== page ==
Supporting the supply chain with emerging technology
Willmott Dixon design manager, Chris Townsend, talks about his experience trialling an exoskeleton 'bionic vest' and how it could kickstart the use of robotics in construction.
At a time when the construction industry is facing a steady decline of worker retention, using emerging technology to protect individual welfare and improve long-term health and wellbeing is an essential move to drive progress and change.
How does it work?
EksoVest – from robotics company Eksobionics - is a form of wearable technology that works with humans, rather than replacing them. It enhances the wearer’s natural physical strength, by reducing the stresses and strains associated with manual tasks.
Contrary to popular belief, it is not a robot: it is human-controlled and contains no electronics, although it could signify the advent of advanced technology in construction, which is long overdue in its methods and practices.
The technology is optimised to support weight on the arms when working overhead, safely transferring loads through a ‘secondary’ skeletal system, down to the upper legs. A spring-based assistance system provides 5-15lbs of lift assistance per arm: this is relatively simple technology used in a smart way, and could prove revolutionary for construction workers onsite.
In the short-term, users feel less exerted at the end of the day, whilst in the long-term, it may be able to extend their working life through improved health and wellbeing, something that is important when industry retention figures are declining.
Chris Townsend, design manager - Willmott Dixon
Whilst it is exciting to see emerging technology in construction becoming a reality, we must remember that the vest’s primary function is to reduce human risk and protect worker welfare rather than replace people.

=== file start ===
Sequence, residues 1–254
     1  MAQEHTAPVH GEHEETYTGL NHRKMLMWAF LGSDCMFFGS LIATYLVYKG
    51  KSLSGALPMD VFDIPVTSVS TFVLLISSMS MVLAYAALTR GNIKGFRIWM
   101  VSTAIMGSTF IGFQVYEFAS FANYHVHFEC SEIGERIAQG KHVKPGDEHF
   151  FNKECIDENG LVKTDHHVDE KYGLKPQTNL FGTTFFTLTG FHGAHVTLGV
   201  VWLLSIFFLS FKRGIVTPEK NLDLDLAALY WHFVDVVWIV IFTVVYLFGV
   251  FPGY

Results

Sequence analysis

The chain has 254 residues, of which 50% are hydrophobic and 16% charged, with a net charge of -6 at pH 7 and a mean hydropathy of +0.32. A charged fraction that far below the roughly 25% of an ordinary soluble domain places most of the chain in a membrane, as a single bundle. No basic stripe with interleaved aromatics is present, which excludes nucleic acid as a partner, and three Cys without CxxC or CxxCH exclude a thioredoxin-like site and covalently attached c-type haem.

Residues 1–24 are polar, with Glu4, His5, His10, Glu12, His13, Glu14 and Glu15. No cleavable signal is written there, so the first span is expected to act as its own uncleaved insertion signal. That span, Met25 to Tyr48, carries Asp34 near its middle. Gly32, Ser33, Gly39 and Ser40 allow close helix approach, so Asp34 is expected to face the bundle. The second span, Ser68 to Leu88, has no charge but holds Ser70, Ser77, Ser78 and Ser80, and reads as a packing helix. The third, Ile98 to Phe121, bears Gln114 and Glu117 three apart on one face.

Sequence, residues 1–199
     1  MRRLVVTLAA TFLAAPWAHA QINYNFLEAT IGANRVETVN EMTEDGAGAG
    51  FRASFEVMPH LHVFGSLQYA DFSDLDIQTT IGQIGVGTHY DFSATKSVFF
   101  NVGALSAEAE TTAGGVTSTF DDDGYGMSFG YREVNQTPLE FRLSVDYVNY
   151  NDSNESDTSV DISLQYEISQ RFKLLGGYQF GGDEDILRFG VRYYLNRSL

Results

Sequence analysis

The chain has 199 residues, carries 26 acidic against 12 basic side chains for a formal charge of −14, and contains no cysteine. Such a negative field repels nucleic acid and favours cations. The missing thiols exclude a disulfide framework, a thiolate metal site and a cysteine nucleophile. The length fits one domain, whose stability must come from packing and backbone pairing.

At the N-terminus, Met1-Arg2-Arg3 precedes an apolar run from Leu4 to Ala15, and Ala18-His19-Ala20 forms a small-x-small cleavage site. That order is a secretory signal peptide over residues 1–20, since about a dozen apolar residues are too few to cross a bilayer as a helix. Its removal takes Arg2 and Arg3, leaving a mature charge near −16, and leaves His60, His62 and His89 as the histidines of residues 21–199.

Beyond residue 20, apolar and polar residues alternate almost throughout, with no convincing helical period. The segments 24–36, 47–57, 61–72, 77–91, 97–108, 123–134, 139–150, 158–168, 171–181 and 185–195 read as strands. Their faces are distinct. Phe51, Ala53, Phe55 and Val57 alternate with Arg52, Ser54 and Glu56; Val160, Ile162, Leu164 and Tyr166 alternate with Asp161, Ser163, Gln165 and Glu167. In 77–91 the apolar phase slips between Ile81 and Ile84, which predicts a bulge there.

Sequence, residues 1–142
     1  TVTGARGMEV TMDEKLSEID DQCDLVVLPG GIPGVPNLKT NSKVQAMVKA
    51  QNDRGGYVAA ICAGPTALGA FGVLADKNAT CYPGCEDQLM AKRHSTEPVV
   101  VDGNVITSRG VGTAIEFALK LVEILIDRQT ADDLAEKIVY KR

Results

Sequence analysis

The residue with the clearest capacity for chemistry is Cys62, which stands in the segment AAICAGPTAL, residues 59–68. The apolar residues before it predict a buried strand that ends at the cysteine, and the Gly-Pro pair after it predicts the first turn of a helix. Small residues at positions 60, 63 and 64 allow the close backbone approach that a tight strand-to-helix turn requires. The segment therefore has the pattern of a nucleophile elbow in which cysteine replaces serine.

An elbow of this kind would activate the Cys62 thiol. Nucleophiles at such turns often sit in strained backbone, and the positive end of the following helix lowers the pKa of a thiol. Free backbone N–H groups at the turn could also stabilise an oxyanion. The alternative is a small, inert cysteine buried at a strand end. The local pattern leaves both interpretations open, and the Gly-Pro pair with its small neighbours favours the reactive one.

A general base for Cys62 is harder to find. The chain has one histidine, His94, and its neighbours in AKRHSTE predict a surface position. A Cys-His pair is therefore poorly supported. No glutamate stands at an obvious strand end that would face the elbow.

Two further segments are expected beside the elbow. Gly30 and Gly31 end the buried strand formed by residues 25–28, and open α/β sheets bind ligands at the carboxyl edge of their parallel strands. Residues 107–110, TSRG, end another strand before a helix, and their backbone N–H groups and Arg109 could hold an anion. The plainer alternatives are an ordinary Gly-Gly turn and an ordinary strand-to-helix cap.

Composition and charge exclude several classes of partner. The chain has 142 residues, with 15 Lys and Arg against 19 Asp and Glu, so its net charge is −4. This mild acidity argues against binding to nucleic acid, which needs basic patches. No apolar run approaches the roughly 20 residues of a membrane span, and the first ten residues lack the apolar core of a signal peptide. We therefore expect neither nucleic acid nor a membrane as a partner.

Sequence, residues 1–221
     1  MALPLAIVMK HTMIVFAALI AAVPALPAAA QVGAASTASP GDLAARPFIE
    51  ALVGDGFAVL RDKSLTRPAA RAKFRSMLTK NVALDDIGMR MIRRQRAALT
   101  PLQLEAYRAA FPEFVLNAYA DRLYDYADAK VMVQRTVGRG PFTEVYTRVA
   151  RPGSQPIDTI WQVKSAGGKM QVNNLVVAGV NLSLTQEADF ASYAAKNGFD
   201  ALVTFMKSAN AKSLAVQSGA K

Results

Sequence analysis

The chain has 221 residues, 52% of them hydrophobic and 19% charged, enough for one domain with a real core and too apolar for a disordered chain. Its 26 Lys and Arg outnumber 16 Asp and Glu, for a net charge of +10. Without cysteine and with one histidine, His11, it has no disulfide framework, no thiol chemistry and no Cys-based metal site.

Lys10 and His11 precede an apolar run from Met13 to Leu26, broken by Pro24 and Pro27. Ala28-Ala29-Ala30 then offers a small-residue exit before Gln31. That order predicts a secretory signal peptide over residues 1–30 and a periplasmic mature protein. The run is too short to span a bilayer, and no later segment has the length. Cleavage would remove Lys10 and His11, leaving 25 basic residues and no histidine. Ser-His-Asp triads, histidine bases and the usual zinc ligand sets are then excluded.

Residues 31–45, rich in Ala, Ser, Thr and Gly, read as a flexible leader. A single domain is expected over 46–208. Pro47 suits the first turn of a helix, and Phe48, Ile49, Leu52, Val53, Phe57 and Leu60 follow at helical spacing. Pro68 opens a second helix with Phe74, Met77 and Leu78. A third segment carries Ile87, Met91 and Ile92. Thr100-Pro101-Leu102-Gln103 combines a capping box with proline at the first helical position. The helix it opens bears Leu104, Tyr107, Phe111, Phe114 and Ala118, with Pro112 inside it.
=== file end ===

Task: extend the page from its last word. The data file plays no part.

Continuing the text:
We are consistently looking at how our industry can adapt to new challenges and harness the best technology to increase productivity and safety, which includes greater focus on behaviours as well as technology.
Funded by Eureka, Willmott Dixon’s central research and development fund, the EksoVest, which costs approximately £5,650, is being trialled on the Cardiff West Community High School site. The technology will then be demonstrated at other sites across the country before being introducing as standard, depending on how the trials perform.
New technologies will play a fundamental role as the construction sector strives to be regarded as forward-thinking and progressive as other industries.
Innovation is in our DNA and this could revolutionise the ability to perform manual tasks. The wellbeing of our people and supply chain is always our number one priority and the more we can use technology to support this, the better.
Neal Stephens, managing director - Willmott Dixon (Wales and south west)
Chris TownsendDesign Manager
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